“Over a dozen prisons in several different states”: Letter to Census Bureau describes temporary nature of incarceration
A new letter to the Census Bureau explains why a prison cell does not equal a residence.
by Alison Walsh, August 5, 2016
The Census Bureau recently announced plans to continue counting incarcerated people as “residents” of prison locations for the 2020 Census. Before this rule becomes final, the Bureau is giving organizations and individuals a chance to send in comments.
Nick Medvecky submitted his letter today, and his experience is proof that a prison cell is not a residence. He explains, “I was incarcerated in over a dozen different prisons in seven different states.” And unlike students or travelers, he had no choice over his next location. “All of these sites were chosen by the prison system, not myself. They were always determined by the prison and the local communities as temporary residences.”
One address did remain consistent throughout Medvecky’s incarceration. “By my own intention as well as the determination of the prison administration, my prison file always contained a mandatory listing of my home address (from which I was initially incarcerated and to which I was expected to return).”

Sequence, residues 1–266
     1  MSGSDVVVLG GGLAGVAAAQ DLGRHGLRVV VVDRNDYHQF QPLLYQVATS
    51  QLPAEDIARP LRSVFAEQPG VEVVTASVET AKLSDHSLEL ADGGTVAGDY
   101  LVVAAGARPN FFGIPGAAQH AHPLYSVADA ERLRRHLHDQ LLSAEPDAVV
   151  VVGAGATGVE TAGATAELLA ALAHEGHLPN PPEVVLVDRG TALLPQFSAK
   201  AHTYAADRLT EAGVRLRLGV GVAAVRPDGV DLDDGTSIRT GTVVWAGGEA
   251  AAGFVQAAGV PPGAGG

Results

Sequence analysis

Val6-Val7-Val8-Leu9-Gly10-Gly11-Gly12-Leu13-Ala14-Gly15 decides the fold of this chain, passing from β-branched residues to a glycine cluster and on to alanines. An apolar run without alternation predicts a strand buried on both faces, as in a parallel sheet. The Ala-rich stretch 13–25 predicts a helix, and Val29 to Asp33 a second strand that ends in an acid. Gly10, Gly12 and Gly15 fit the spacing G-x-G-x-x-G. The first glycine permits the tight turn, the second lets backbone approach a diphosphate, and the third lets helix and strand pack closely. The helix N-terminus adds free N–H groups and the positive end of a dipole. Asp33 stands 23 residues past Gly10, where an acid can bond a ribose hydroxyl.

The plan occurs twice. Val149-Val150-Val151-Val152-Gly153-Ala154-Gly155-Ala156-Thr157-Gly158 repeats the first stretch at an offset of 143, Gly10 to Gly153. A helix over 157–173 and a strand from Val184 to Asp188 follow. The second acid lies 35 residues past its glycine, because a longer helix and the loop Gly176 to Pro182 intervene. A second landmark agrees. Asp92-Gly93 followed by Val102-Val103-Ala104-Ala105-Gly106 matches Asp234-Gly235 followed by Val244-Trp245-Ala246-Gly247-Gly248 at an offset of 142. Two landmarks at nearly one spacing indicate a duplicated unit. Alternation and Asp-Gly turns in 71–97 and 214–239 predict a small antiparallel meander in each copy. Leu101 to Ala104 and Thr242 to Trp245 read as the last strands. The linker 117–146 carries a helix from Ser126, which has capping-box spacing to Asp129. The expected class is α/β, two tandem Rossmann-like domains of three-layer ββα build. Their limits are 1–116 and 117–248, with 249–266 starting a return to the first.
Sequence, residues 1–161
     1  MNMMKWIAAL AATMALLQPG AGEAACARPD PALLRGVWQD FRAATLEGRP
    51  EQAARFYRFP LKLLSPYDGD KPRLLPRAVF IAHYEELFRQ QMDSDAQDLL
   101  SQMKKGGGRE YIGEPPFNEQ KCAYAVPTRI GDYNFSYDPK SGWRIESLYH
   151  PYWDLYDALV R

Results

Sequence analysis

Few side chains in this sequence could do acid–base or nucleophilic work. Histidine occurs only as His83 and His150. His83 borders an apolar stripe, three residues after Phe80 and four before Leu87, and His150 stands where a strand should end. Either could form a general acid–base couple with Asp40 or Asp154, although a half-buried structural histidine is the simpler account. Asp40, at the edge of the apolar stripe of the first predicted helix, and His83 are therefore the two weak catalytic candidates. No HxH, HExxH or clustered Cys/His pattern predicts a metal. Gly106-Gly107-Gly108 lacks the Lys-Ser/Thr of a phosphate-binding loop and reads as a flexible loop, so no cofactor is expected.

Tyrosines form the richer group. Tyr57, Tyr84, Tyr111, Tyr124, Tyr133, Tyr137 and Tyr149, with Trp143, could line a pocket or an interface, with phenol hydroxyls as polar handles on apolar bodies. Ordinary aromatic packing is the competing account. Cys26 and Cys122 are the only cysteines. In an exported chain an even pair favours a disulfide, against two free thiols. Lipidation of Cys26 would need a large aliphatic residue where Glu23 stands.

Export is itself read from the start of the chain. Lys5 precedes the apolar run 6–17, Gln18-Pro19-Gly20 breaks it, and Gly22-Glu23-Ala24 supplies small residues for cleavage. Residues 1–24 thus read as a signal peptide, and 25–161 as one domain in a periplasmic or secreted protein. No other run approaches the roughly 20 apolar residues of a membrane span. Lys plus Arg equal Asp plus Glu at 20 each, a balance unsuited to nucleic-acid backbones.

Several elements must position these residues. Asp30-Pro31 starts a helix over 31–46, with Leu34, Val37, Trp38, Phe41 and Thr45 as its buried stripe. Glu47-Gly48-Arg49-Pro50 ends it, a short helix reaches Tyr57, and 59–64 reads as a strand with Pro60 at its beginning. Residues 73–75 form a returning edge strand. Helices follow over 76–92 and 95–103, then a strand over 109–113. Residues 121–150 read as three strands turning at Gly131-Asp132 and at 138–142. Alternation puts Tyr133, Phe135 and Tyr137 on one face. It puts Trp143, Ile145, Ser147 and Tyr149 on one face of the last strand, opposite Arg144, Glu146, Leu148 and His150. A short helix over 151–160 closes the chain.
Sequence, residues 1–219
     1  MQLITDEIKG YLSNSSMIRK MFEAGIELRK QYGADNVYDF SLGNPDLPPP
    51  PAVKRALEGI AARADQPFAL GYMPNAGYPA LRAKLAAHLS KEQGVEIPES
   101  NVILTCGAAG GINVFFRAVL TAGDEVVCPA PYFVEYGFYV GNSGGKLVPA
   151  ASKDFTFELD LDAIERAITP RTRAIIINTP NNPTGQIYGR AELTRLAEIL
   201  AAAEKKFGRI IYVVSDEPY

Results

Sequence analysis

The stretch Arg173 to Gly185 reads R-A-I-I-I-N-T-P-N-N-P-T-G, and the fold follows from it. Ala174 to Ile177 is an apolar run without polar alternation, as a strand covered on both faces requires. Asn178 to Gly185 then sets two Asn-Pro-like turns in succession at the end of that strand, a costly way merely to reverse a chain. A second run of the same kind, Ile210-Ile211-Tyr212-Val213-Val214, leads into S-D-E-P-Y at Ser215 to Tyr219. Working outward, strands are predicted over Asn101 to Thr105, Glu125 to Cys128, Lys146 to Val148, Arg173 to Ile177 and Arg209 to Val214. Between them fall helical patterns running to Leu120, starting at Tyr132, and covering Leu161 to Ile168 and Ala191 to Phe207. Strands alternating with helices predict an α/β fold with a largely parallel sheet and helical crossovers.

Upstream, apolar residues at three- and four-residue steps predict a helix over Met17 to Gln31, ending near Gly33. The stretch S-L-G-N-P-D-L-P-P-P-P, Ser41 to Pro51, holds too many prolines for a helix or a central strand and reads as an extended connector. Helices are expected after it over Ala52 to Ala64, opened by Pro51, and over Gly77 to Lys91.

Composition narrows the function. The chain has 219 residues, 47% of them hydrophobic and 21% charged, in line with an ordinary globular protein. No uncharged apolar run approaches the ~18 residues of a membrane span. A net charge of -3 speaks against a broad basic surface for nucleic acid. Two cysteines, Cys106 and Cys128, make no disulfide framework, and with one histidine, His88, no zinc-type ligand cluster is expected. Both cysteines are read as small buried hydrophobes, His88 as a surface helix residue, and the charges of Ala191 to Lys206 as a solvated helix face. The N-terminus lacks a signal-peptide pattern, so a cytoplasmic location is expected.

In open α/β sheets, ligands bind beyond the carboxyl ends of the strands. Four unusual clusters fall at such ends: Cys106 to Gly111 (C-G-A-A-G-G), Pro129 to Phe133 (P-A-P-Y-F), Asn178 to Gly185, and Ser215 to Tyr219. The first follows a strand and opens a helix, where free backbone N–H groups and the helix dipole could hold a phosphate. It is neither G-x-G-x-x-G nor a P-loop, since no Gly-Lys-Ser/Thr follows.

Medvecky was labeled a resident of a district that he never chose to reside in and that he never planned to return to, and he was not the only one affected by that misrepresentation. “Counting me as a residence in another Congressional District both improperly enhances representation in that temporary area and deprives my home area of its proper representation.”
He concludes: “Please count prisoners, like out-of-area students and other travelers, from their home residence, not their temporary one.”
The Census Bureau is accepting comments until September 1 on their proposal to continue counting incarcerated people where they happen to be located on Census Day.